Navigating both the immediate crisis as well as changes in the long run is going to require more strategic collaboration among colleges and universities. Deeper alliances will not only save campuses precious time and resources in the coming months but also could mitigate the consequences of COVID-19 in the longer term.
From the beginning, institutions tackled their response to this crisis largely on their own even while looking to their counterparts around the country. Academic departments trained faculty members on pedagogical tactics and technology to shift their classes online. Admissions offices turned campus events into virtual gatherings.
Over time some decisions started to take on a herd mentality within higher education, such as a shift to pass/fail grading policies for the semester and extended admissions deadlines. To be sure, there has been some limited but helpful coordination in these early days: webinars to share best practices, associations and third-party organizations pulling together makeshift Google Docs of responses, or activating long-existing shared-services agreements. But far more is needed.
In a recent study, we found that multifaceted higher education networks are necessary to tackle complex problems when the expertise is distributed across different organizations and when the situation has no readily apparent solutions. This current crisis has all the elements for that networked solution in higher education.
However, Selingo and Kurzweil, though at least approaching collective mobilation through their “networking concept,” also do not mention health and student safety. For them, apparently, health and student safety are not “strategic,” no more than health and student safety are part of Pierce’s “community.”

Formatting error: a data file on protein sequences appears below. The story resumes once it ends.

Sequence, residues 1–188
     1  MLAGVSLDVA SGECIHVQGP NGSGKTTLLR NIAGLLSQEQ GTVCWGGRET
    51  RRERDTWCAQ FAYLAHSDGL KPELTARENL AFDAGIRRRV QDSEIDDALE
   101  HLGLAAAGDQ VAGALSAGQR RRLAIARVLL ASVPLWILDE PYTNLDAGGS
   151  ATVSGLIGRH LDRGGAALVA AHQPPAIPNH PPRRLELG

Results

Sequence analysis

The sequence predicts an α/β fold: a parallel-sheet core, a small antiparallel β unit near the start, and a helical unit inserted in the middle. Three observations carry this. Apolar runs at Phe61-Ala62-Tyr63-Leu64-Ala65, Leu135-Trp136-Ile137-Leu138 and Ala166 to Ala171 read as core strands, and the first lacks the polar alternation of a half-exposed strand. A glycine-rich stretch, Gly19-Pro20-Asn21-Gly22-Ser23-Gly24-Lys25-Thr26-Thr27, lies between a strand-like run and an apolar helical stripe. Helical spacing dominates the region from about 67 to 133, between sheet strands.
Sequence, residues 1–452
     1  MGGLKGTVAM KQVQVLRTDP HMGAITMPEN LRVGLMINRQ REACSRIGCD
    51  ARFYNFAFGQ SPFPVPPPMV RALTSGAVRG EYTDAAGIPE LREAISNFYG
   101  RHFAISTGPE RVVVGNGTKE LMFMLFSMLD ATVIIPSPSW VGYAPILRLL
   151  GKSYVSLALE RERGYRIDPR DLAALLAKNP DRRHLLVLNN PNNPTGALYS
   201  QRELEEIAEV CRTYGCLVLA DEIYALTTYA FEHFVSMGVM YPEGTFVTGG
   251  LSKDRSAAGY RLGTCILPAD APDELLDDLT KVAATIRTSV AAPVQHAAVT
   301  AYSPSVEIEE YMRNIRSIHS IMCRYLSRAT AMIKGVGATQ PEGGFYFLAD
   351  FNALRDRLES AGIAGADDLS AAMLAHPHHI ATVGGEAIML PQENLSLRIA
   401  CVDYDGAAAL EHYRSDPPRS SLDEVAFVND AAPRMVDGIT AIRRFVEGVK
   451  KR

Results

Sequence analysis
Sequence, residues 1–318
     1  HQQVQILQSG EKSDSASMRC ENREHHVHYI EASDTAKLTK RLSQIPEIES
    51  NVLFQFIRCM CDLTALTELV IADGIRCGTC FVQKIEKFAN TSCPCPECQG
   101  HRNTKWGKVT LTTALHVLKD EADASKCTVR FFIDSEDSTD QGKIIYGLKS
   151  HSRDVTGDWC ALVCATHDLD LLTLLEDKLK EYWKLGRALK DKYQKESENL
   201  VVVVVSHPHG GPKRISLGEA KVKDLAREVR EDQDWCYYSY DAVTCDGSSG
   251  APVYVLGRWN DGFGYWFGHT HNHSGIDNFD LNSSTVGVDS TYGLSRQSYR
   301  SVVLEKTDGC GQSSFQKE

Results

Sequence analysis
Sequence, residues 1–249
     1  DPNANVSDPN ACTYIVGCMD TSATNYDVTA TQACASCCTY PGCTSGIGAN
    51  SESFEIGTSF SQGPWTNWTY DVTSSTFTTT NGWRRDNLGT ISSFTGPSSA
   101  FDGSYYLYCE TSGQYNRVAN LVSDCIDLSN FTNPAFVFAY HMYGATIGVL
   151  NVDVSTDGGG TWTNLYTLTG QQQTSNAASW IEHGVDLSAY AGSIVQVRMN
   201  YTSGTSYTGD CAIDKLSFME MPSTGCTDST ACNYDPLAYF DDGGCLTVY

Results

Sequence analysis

Mental Health Task Forces: How to Center Equity and Support Student Flourishing
Transforming an Institution and Its Workforce After COVID-19—Q&A Breakout Session
Leading in Tumultuous Times: Three Case Studies in Crisis Management
Digitizing Academic Delivery after COVID-19—Q&A Session
Key Leadership Actions to Prepare Our Campuses for the Election: Part 2
Managing the Student Lifecycle after COVID-19—Q&A Session
Key Leadership Actions to Prepare Our Campuses for the Election
Workforce Management During Challenging Times
Public Policy Pop-Up: September Edition
A Conversation on Student Success: Equity and Success for Online Community College Students
Mental Health and COVID-19: A Student-Led Conversation with Senior Leaders
The Economic Impact of COVID-19 and Growing Need for Higher Ed Affordability
Basic Needs for All Students
Pointing COVID-19 Responses Toward a Sustainable Business Model for Higher Education
Rethinking Career-Relevant Instruction in Pandemic Times
Recovery 2020: Scenarios for the Fall and Beyond
The Gendered Impact of COVID-19 on Higher Education
Promoting Civic Engagement and Democracy in a Global Pandemic
The Effects of COVID-19 on Academic Research
Helping Students Prepare for and Navigate the Transformed Job Market after COVID-19